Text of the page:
Although originally touted to help an adult population curb cigarette smoking, vaping may be introducing a whole new generation to nicotine and potentially other dangers not yet fully understood. Many researchers are now tracking evidence that vaping predicts cigarette experimentation. According to JAMA Pediatrics, as reported in the Wall Street Journal, “teens and young adults who try e-cigarettes are about three times more likely to try cigarettes later.” In addition, according to a recent article in USA Today, “Nicotine, contained in varying amounts in e-cigarettes, can rival the addictiveness of heroin and cocaine. For young people, whose brains are not fully developed, it can be particularly dangerous, leading to reduced impulse control, deficits in attention and cognition, and mood disorders.”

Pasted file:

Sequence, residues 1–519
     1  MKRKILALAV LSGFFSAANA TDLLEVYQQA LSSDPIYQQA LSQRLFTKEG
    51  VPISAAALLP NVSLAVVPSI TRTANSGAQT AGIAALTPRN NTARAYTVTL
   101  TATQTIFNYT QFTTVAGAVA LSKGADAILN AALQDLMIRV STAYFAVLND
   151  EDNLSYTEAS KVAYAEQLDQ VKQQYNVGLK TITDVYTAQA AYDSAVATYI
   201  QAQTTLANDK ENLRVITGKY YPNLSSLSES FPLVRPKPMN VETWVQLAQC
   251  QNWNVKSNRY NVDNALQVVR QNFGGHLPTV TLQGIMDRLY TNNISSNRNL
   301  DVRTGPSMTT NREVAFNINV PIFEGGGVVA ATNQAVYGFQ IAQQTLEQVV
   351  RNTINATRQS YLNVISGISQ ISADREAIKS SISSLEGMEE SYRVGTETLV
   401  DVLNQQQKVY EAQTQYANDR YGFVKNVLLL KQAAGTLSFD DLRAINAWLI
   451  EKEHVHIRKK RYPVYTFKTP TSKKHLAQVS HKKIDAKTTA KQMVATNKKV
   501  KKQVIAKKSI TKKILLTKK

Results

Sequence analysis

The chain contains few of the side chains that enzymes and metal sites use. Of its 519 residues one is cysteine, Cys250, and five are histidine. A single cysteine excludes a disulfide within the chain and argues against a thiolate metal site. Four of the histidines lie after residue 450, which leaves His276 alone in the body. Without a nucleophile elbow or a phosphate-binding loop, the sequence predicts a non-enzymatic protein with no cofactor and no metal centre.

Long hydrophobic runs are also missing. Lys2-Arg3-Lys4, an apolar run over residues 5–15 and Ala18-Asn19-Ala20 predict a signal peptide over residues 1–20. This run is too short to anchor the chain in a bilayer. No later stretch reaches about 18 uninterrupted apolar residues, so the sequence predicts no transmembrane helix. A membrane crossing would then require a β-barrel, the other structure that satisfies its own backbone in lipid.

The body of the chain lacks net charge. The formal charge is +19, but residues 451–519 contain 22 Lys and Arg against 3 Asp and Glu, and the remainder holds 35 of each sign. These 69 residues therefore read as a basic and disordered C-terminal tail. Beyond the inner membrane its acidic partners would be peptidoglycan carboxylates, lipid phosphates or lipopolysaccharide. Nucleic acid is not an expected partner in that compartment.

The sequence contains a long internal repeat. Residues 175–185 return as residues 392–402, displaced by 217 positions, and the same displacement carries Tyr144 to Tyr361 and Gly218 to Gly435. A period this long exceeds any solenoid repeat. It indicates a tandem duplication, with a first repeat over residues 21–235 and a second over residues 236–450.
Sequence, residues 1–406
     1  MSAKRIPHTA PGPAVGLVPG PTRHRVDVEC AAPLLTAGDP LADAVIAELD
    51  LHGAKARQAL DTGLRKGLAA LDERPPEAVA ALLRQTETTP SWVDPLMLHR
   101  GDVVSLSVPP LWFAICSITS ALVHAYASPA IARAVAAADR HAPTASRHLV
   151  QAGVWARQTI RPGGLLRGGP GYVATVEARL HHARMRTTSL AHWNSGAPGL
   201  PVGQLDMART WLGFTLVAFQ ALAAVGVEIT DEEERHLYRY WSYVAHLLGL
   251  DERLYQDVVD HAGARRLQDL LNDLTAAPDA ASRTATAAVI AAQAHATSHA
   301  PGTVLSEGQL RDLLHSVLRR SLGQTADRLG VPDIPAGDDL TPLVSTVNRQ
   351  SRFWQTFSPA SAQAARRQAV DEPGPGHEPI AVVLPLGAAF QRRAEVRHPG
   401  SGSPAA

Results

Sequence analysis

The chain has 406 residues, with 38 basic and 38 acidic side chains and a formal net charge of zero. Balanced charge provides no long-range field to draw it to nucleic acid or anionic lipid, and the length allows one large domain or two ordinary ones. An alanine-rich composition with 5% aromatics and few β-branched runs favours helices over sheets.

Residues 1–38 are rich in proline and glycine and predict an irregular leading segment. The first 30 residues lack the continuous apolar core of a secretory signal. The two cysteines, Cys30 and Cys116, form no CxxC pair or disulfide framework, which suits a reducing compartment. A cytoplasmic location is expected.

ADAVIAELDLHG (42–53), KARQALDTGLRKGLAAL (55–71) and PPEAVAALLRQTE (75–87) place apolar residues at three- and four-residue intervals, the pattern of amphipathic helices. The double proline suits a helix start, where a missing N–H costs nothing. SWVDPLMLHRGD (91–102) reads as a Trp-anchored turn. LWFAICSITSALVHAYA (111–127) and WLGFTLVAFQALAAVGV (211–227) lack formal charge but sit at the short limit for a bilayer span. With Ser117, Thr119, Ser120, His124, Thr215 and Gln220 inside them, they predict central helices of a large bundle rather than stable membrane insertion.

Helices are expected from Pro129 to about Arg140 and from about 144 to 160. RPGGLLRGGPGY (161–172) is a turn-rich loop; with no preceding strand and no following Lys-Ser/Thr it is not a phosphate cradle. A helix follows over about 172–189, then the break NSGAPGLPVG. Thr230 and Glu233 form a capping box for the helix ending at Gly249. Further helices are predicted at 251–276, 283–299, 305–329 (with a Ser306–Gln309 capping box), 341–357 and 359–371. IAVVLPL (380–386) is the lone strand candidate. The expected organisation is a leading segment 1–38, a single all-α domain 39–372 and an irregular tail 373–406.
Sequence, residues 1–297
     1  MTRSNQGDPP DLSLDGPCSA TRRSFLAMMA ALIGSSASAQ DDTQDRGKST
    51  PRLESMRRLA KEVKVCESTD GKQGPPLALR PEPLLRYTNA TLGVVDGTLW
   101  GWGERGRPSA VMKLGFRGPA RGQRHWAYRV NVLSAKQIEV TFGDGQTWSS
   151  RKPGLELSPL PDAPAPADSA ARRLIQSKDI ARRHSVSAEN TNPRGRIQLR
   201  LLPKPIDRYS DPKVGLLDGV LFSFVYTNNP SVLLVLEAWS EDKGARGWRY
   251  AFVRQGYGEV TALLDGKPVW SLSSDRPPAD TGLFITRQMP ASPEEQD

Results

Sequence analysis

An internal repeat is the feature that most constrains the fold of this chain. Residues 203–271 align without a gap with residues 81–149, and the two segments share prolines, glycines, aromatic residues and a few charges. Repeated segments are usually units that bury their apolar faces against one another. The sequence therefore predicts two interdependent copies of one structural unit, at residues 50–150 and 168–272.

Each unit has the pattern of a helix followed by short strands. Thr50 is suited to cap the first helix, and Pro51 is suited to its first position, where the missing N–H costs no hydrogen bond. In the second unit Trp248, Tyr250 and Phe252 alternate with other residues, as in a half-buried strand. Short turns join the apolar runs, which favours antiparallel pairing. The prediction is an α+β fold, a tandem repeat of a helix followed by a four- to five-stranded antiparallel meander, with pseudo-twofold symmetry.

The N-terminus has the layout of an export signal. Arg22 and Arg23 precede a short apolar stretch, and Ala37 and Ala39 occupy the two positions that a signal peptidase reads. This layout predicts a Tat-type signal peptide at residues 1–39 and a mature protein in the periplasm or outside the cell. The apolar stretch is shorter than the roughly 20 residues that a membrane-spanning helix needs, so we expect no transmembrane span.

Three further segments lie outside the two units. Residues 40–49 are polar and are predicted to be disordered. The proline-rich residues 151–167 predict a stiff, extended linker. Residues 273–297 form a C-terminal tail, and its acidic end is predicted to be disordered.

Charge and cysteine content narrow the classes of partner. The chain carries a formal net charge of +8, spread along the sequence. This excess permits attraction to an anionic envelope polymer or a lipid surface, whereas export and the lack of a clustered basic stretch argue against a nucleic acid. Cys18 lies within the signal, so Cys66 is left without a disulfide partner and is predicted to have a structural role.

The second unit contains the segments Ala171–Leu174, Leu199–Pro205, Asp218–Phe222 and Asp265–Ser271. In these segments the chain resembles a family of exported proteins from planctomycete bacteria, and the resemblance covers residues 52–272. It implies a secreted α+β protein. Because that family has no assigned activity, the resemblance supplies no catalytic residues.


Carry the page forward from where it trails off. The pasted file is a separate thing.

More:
And, by all measures, vaping appears to still be in its honeymoon stage. The trend that appears to be accelerating this is Juuling. A Juul is a vaping device that resembles a flash drive and can be used for smoking all types of substances. In an interview with CNN, Pamela Ling, a professor at the University of California-San Francisco School of Medicine, said, “Because it’s referred to as Juuling, not smoking or vaping, some students may think what they’re doing is harmless. They may not even know it contains nicotine.” She goes on to point out that “one Juul ‘pod,’ the nicotine cartridge inserted into the smoking device and heated, delivers about 200 puffs, about as much nicotine as a pack of cigarettes, according to the product’s website.”